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Georgia will not send any more observers to Ukraine

By Gvantsa Gabekhadze
Thursday, February 4
Georgian will not send observers to the second round of Ukraine’s Presidential elections, Manana Manjgaladze, the President's press spokesperson, announced on February 3. She explained that this decision had been taken in order to preserve Georgia's positive relations with Ukraine and demonstrate the country's neutrality in the Ukrainian elections.

“It was not our intention to get involved in Ukraine’s Presidential election or support any one candidate. We consider that our neutrality must be preserved and we are trying to maintain the traditional amicability between our nations. I also call on all Georgian citizens observing the election in Ukraine under the aegis of international organisations to return to Georgia. The President believes that it is up to the Ukrainian people to decide Ukraine’s fate and he wishes success to the Ukrainian people,” says the President’s statement.

Georgian citizens observing the first round of the Presidential elections in Ukraine as part of international organisations or international election watchdog groups had no problem receiving accreditation from the Ukrainian Central Election Commission (CEC). But an unusually large number of people, about 2,000, sent as Georgian Government observers were denied registration by the Ukrainian CEC. Despite this refusal several hundred were sent to the city of Donetsk, a stronghold of Viktor Yanukovich, the candidate considered least favoured by Tbilisi. The resulting controversy was exacerbated by the release of a series of taped phone conversations between Georgian senior officials, and between Ukrainian Prime Minister and rival President candidate Yulia Tymoshenko and President Saakashvili, in which it was said that the people sent by Georgia had been Government agency staff, soldiers and sportsmen rather than qualified election observers.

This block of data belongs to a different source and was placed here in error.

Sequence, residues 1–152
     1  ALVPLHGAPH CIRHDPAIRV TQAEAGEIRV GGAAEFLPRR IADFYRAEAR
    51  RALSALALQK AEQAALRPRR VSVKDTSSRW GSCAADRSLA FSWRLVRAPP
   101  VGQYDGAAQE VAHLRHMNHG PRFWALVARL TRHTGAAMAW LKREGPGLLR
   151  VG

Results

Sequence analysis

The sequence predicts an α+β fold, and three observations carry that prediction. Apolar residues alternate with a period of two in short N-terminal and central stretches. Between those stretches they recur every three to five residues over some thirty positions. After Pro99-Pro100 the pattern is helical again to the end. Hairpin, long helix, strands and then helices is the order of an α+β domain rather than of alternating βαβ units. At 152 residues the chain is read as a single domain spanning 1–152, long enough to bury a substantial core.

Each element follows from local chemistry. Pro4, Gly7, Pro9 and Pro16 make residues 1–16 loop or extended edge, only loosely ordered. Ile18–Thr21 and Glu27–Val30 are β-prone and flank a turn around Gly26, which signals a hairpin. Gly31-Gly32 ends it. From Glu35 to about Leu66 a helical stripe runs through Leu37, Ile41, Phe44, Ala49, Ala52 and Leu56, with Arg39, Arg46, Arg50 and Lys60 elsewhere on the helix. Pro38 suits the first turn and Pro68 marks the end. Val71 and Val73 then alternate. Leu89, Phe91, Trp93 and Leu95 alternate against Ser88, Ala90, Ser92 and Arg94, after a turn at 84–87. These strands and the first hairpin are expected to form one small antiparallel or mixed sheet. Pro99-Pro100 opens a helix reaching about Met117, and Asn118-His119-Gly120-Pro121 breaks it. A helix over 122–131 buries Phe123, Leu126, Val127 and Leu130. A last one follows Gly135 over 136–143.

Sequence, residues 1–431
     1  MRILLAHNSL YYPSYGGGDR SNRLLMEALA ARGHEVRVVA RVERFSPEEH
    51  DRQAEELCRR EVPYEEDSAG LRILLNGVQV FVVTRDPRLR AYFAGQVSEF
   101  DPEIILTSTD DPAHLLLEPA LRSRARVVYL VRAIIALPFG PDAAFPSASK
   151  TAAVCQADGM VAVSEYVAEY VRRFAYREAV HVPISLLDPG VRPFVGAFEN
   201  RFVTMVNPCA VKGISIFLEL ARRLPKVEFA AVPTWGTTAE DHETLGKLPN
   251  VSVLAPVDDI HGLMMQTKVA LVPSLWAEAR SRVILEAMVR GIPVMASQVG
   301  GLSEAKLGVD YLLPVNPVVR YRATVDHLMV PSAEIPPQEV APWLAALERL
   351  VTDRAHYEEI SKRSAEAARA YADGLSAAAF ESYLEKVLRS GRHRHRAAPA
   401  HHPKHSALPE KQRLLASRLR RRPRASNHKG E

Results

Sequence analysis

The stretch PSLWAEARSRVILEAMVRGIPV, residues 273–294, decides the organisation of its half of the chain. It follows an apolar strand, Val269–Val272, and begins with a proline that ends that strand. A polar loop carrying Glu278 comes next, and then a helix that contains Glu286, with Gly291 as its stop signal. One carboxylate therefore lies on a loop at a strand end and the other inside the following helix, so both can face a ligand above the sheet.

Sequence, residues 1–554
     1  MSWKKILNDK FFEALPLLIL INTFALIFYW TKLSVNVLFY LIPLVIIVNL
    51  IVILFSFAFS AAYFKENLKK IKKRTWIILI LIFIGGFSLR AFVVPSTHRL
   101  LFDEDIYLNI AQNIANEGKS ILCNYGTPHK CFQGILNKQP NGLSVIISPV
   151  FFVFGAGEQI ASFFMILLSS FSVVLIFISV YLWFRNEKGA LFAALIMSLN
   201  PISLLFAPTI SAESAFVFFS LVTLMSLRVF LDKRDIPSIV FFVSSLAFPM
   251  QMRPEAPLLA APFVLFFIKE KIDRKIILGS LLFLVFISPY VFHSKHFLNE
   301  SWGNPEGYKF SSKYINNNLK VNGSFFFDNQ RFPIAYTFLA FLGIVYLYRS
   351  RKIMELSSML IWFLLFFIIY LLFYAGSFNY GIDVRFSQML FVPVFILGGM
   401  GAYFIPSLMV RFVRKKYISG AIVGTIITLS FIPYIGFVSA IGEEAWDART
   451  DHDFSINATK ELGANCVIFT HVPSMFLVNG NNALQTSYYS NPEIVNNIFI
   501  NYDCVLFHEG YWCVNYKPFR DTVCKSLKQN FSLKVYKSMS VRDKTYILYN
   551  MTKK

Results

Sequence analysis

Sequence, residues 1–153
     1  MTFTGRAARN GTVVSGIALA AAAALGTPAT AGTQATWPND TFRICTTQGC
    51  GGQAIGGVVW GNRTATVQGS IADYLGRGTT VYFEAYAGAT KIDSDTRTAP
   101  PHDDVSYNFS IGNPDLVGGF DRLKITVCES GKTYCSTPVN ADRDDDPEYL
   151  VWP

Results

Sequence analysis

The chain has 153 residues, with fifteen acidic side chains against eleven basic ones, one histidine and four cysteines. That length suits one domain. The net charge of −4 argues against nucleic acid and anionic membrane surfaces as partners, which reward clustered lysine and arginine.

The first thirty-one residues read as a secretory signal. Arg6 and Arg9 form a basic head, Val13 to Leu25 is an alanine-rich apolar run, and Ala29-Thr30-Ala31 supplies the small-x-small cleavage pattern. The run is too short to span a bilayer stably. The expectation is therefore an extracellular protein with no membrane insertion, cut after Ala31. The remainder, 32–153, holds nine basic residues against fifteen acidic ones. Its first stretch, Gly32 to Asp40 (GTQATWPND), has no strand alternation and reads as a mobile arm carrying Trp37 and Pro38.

After these tapes were broadcast some Ukrainian politicians and Georgian opposition members and analysts accused the Georgian Government of rudely interfering in Ukraine's internal affairs. Some sharp statements have also been made about the decision not to send further observers. Zurab Abashidze from the Alliance for Georgia told The Messenger that by taking such unplanned and inappropriate decisions the Government is isolating Georgia from its neighbours and reducing its prestige in the eyes of developed and democratic countries. "It is very difficult to comment on these sort of statements. The Georgian Government changes its viewpoint frequently, and this damages the country’s prestige." Alliance leader Irakli Alasania said that "This decision is somehow hopeful, as it means that the President had seen the mistakes made, but on the other hand asking all the Georgians observing the elections to come home is another mistake, because the observers from Georgian NGOs had no problems." Leader of the People’s Party Koba Davitashvili gives a different reason for the decision. "Saakashvili has made this decision only because all the so-called observers sent to Ukraine for the first round will be arrested. What the present Government has done in Ukraine is a crime. We have a cowardly President, who with this decision is trying to rescue himself and his criminal gang,” Davitashvili told The Messenger.

Analyst Gia Khukhashvili told The Messenger, "The Georgian Government’s activities at the Ukrainian elections have made the Russian FSB’s dreams come true. Our Government has spoiled Georgian –Ukrainian relations through the observer scandal and Russia will no longer have to think how to damage their friendship,” Khukhashvili said. Zurab Abashidze said that he cannot predict how this second decision will effect on Georgian- Ukrainian relations, but "the decision made by the Government concerning the first round of Ukrainian elections was wrong. I think this one is the right decision, I cannot add more.”

The second round of the Ukrainian Presidential elections will be held on February 7.